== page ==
On dark winter evenings, there’s nothing nicer than retreating to a cosy living room. If yours is feeling a little lacklustre, read on to discover leading interior designers’ expert advice for creating a living room you’ll be desperate to retreat to. By Jessica Jonzen
A LIVING ROOM DESIGNED BY KATE GUINNESS DESIGN . IMAGE: JAMES MCDONALD
Cosiness. Whatever your personal style, the feeling of being cosy – warm, welcomed and content – is something we all aspire to for our homes. Whether you live in a characterful cottage with an open fireplace, or a new build flat where the only feature is an ugly radiator, the living room should – and can – be the only place you want to be on a cold winter night.
So how to create a look and feeling of cosiness? “A sitting room must have plenty of layers,” says Emma Sims-Hilditch, Creative Founder of Sims Hilditch. “A blend of new and antique and pieces, plenty of artwork and layered lighting all work together to bring character, contrast and atmosphere to the room.”
For interior designer Susie Atkinson of Studio Atkinson, it’s essential to make the room feel as relaxed as possible. “We want people to feel like they can just take off their shoes and shake off the formalities of the day,” she says. “For living rooms, I like to create warm, spacious rooms, that help you to unwind, whether that be through the use of scenic wallpapers that you can get lost in, soft and subtly glamorous velvet upholstery or choosing soft curved sofas. It’s all about creating a balance of colour and tone and texture, and of course lighting.”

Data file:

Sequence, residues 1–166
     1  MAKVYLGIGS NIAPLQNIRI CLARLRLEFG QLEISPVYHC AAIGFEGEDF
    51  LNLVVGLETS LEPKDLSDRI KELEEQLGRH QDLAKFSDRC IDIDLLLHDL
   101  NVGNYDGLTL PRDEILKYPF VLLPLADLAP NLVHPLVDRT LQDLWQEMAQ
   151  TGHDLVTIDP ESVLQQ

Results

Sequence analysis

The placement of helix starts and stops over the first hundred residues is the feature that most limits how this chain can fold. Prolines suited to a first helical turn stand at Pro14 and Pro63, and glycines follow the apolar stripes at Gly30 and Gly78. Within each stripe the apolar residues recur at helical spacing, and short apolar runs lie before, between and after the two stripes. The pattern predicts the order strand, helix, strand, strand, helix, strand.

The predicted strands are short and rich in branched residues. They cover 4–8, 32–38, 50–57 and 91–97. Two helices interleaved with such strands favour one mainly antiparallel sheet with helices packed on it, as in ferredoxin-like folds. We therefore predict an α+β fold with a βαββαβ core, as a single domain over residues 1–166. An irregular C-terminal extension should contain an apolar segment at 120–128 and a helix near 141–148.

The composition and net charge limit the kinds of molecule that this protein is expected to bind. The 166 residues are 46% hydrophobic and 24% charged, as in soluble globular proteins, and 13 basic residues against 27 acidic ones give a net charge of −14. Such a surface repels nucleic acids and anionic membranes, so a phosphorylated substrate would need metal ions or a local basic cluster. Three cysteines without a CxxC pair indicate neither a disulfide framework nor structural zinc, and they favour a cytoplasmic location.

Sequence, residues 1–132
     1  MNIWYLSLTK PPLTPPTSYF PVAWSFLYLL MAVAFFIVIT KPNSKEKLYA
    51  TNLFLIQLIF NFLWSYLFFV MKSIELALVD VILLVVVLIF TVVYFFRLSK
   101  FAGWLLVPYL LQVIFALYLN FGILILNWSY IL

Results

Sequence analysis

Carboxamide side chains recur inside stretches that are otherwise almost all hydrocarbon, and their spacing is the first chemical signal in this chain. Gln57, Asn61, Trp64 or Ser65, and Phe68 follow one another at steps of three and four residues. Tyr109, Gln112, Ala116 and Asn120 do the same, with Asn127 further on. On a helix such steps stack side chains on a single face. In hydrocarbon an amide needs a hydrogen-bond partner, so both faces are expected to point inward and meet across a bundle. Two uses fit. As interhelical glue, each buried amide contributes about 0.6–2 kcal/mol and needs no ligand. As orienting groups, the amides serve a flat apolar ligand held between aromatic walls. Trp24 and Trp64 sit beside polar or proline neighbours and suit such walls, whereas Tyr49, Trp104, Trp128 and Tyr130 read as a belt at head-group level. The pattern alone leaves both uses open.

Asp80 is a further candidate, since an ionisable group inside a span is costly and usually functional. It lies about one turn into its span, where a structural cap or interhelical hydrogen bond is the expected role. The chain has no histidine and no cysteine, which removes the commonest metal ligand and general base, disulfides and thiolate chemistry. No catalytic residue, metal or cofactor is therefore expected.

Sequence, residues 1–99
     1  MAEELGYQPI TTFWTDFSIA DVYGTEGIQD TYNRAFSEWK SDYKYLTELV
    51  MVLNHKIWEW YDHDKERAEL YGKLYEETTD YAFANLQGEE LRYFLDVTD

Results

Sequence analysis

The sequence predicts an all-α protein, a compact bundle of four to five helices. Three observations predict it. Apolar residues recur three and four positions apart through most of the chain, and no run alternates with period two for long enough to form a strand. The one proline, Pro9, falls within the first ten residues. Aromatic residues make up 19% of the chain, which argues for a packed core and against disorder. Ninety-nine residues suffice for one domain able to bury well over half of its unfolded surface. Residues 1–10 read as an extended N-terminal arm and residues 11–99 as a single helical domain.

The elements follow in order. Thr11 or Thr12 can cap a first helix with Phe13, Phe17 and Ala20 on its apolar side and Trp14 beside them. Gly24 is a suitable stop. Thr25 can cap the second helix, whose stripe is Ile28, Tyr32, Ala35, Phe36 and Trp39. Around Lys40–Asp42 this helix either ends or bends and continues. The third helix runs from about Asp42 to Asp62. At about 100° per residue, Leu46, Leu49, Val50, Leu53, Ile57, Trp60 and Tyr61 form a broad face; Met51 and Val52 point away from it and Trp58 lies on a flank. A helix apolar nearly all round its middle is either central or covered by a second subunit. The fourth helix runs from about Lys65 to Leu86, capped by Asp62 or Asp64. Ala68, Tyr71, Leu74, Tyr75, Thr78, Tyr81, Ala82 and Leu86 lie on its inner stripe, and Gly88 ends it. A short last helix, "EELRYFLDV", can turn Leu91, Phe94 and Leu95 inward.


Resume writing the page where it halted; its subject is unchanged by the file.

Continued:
LAYERS OF TEXTURE IN SIMILAR MUTED TONES ADD WARMTH TO THIS QUEEN ANNE TOWNHOUSE DESIGNED BY STUDIO ATKINSON. IMAGE: COURTESY OF STUDIO ATKINSON
The first layer, of course, is the paint colour. “For me, it’s about using paint colours which are tonally warm and cocooning,” says Laura Stephens. “In my own living room, I used ‘Clay Mid’ by Little Greene. I adore it as its red undertones make the space so inviting. It also layers really well, so adding a chintzy fabric such as the one I chose from Colefax and Fowler adds to the cosiness.
Emma Sims-Hilditch encourages her clients to ‘play’ with colour in their living room schemes: “while we love neutrals, deep reds, browns and greens work well all year round,” she says. Sophie Rowell of Côte de Folk recommends painting your ceiling the same colour as your walls: “it envelops you into the space and creates a seamless, more calming result no matter what colour you choose.”
Sophie also advises that furniture should always be chosen with the people who will be using it in mind. “When choosing your sofa think about what will best suit you and your family, not just how it looks,” she says. “Do you like lounging as you watch TV? Then go for a super deep sofa. Do you love that scrunched up sinking feeling when you sit down or a firmer seat which doesn’t need any plumping? In the first instance, go for feather and down and for the second, opt for core wrapped foam.”
(LEFT) INTERIOR DESIGNER SOPHIE ROWELL OF CÔTE DE FOLK HAD HER SECOND-HAND SOFA REUPHOLSTERED IN A COMBINATION OF STRIPED FABRICS. (RIGHT) SOPHIE LEFT THE PLASTERED WALLS UNPAINTED, ADDING A RICH PATINA TO THE ROOM. IMAGES: CHARLOTTE BLAND
Kate Guinness designed the sofas in her London home herself, basing her design on one of her mother’s old sofas and taking account of her and her husband’s heights (she’s 6 ft while he is 6 ft 4″.) “They also have removable and washable covers, which is essential for a busy family with small children,” she adds.